In this amazing new view of the Andromeda galaxy, taken by the the Herschel Space Observatory, "cool lanes of forming stars," where many new heavenly bodies will one day burst into existence, are displayed in dazzling detail.
NASA released the image on Jan. 28.
The Herschel Space Observatory is a project of the European Space Agency, in close partnership with NASA. Its sophisticated instruments include the largest single mirror ever built for a space telescope. It can "collect long-wavelength radiation from some of the coldest and most distant objects in the universe," according to the European Space Agency.
"Sensitive to the far-infrared light from cool dust mixed in with the gas, Herschel seeks out clouds of gas where stars are born," according to NASA. "The new image reveals some of the very coldest dust in the galaxy -- only a few tens of degrees above absolute zero -- colored red in this image."
The blue bulge at the center of the galaxy is home to hotter, older stars.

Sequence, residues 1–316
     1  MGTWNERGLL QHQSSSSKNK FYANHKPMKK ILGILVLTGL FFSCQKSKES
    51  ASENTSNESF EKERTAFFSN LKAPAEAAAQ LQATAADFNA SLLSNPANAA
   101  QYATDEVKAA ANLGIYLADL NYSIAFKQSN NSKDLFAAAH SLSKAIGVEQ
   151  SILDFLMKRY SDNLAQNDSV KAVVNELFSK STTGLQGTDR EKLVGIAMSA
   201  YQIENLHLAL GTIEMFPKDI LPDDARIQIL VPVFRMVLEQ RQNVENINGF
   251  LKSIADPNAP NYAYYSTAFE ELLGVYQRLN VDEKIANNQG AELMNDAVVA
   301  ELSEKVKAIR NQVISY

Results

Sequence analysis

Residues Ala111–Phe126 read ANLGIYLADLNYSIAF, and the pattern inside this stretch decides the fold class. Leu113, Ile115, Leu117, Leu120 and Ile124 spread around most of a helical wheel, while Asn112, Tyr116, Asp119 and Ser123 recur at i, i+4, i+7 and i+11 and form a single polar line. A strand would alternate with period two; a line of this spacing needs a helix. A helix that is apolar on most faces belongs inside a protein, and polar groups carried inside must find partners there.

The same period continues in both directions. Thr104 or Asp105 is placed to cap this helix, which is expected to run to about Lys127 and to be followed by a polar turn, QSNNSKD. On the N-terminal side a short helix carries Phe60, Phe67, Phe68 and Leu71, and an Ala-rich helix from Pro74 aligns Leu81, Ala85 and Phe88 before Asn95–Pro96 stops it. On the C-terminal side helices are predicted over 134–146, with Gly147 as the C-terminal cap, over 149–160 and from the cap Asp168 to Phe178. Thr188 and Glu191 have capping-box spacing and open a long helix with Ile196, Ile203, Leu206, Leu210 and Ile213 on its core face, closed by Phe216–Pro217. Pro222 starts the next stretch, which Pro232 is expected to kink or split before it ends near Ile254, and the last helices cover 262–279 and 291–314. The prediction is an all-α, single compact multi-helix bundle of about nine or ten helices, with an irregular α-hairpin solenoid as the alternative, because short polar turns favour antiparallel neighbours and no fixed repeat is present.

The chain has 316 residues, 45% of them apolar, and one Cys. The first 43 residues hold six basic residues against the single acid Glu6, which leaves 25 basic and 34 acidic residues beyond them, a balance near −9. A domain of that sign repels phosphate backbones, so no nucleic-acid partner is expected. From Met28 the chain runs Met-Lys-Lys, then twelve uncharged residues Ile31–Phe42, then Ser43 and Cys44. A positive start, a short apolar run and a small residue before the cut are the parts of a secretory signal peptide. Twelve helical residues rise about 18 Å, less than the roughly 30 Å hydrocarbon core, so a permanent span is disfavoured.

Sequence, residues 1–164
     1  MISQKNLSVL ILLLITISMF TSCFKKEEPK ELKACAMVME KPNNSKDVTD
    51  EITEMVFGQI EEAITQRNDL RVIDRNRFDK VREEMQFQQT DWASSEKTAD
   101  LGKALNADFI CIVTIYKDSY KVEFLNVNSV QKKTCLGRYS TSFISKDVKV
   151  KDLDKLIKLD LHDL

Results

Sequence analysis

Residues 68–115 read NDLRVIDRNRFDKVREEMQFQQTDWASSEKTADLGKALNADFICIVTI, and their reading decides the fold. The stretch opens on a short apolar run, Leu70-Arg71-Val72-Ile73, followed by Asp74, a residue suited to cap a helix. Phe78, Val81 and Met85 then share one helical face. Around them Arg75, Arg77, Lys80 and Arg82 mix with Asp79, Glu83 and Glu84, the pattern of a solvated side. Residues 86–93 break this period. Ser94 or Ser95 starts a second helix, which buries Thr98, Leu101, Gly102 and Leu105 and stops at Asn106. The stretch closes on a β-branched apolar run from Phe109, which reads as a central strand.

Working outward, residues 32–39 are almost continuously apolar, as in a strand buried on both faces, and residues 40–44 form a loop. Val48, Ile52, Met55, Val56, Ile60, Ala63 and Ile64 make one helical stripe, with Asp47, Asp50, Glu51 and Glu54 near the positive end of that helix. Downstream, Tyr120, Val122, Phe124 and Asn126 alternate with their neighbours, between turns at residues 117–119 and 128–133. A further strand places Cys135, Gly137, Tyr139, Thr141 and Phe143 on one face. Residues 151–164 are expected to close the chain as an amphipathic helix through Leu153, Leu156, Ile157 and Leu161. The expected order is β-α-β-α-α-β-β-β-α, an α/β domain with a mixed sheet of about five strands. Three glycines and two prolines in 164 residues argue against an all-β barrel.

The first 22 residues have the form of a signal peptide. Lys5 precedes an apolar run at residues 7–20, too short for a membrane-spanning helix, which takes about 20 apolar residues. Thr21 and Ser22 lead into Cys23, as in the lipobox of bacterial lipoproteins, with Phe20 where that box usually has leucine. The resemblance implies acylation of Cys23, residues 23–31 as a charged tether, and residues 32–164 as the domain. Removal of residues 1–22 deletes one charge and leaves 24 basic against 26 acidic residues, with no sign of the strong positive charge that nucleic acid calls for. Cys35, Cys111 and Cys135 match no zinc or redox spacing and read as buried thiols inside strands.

Andromeda is estimated to have up to one trillion stars, whereas the Milky Way contains hundreds of billions. Also known as M31, it is the closest galaxy to the Milky Way, at about 2.5 million light-years away. This makes it an ideal "natural laboratory" to observe star formation.
But sooner or later, the Milky Way will likely get a much closer look. Last year, the Associated Press reported that the two galaxies will collide in a "direct head-on hit" in about 4 billion years.
According to Roeland van der Marel, an astronomer with the Space Telescope Science Institute in Baltimore, which helps operate the Hubble Space Telescope, the only way Andromeda could miss colliding with the Milky Way is if it were moving sideways about six times faster than Hubble indicates it is.
Take a look at the new image of Andromeda (above). Click here for a larger view of the image.